Each summer, the heat seems to get worse and worse. It affects our family’s happiness, health and general wellbeing. When temperatures climb into the 30s and 40s, it’s often really hard to make your home cooler and more comfortable.
As part of the Western Sydney Heat and Social Housing project, community housing organisations Hume, Evolve and Link Wentworth, along with Penrith and Hawkesbury councils, have produced a range of educational resources in collaboration with social housing tenants.
To try and support vulnerable members of our community in the heat, these resources educate people on cost-effective ways to keep cool, based on lived experiences.
- Video with tips and tricks on how to stay cool in summer.
- Video of leading scientists and community members discussing the issue of rising heat in Western Sydney.
- Fact sheet for the Western Sydney community on how to stay cool, based on tips from our tenants.
- Fact sheet for frontline staff who work with vulnerable community members in Western Sydney.
Keeping your home cool
- Draw blinds and curtains to help keep the heat out. On days where you know it is going to be really hot, close your blinds early before it warms up.
- Close off any rooms that aren’t used often, like spare bedrooms or the bathroom.
- Cover the outside of your windows to keep the heat out. A simple and temporary option is to put shadecloth over windows, particularly ones that get the most sun.
- Seal front and back doors with a ‘door sausage’. This helps to stop the heat coming in underneath the cracks.
- Turn off any unused electrical appliances. Things like TVs and lights can create heat when the power is on.
- Clean out your air conditioner filter so it doesn’t have to work as hard. Set the temperature to around 24 degrees. Fans can also be used to help spread the cool air from your air conditioner around your home.
- Use fans when you can, as they are a lot cheaper than running an air conditioner. If you don’t have ceiling fans, use a standing or floor fan. You can even place a bowl of ice in front of a floor fan, so the fanpushes the cold air on to you.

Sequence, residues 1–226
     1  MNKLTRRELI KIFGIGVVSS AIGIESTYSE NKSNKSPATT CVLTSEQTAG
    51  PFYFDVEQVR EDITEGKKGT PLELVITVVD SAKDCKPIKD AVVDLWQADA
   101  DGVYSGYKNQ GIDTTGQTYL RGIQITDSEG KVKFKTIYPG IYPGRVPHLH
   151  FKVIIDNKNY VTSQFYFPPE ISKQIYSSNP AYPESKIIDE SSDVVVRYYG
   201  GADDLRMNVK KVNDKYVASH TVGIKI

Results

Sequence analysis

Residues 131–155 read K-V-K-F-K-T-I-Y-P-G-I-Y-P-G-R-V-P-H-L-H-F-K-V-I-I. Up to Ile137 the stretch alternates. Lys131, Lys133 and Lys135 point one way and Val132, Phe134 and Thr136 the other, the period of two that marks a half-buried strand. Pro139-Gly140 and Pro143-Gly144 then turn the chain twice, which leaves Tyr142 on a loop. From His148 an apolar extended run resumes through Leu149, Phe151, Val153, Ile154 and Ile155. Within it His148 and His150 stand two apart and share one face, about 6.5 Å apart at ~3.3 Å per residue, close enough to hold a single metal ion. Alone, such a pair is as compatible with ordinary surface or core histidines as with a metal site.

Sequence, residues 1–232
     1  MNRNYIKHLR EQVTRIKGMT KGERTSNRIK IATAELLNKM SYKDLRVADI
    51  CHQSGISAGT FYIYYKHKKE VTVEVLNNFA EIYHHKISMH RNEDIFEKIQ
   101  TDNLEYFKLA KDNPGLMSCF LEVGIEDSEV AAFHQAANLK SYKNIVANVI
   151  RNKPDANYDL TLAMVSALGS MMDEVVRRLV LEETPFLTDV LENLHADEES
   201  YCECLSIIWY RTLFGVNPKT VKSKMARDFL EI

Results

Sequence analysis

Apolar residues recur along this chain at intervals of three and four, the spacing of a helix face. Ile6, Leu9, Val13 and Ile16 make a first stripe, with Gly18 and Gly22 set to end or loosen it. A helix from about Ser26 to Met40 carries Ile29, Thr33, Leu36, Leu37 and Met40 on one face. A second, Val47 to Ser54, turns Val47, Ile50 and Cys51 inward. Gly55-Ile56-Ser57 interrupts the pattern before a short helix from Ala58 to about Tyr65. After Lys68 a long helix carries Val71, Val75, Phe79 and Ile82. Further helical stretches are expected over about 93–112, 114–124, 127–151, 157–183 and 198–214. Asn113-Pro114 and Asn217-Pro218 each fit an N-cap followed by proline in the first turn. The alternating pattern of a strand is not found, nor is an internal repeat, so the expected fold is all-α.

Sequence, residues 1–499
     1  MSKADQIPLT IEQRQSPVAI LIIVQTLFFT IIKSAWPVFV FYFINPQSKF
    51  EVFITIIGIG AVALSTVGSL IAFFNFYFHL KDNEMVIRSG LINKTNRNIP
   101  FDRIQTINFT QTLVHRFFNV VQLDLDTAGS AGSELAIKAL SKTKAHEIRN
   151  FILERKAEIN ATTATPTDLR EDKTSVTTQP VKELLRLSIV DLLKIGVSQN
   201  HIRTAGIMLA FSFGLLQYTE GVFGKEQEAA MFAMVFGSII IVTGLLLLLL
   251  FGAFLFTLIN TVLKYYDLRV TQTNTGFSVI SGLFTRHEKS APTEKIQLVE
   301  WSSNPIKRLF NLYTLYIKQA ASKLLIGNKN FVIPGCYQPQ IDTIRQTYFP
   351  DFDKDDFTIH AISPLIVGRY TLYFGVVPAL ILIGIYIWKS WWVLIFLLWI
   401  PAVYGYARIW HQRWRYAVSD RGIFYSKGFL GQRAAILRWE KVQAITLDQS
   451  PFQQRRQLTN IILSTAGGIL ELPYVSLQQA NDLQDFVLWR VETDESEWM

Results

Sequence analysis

Keeping yourself cool
- Cool your body by using a damp cloth or washer. You can also use a cool neck tube from a camping shop. Using a fan will help your moist skin cool down even more.
- Eat cool foods like salad that don’t create heat in your kitchen when you make them.
- Stay hydrated by drinking plenty of water and cool drinks.
- Take a cool shower to help lower your body temperature.
- Place a large towel in the freezer and when you go to bed, place it on top of your sheet, on top of yourself.
- Use a cool pack from the freezer. It’s a good idea to keep a couple frozen so you can rotate them.
- Wear loose and cool clothing. This allows air flow around your body and helps keep it cool.
- Go to a cool public space. When it’s not too hot, this might include a nice park with plenty of shade or somewhere with water like a lake or pool. On really hot days, there are free options like spending time at the library or a gallery. Other options include visiting shopping centres and cafes or even visiting the cinema, if you can afford it.
- Take turns visiting friends and having them visit your home. This way only one of you has to run the air conditioner. The bonus is you can still connect with friends instead of being isolated inside your own home on really hot days.
- During periods of really high heat, consider planning your day around the hottest times. This may include things like exercising or doing the weekly shopping trip early in the morning or in the evening.
- Contact your housing provider if you would like to make a change to your property.
Thank you to our tenants for providing these excellent tips!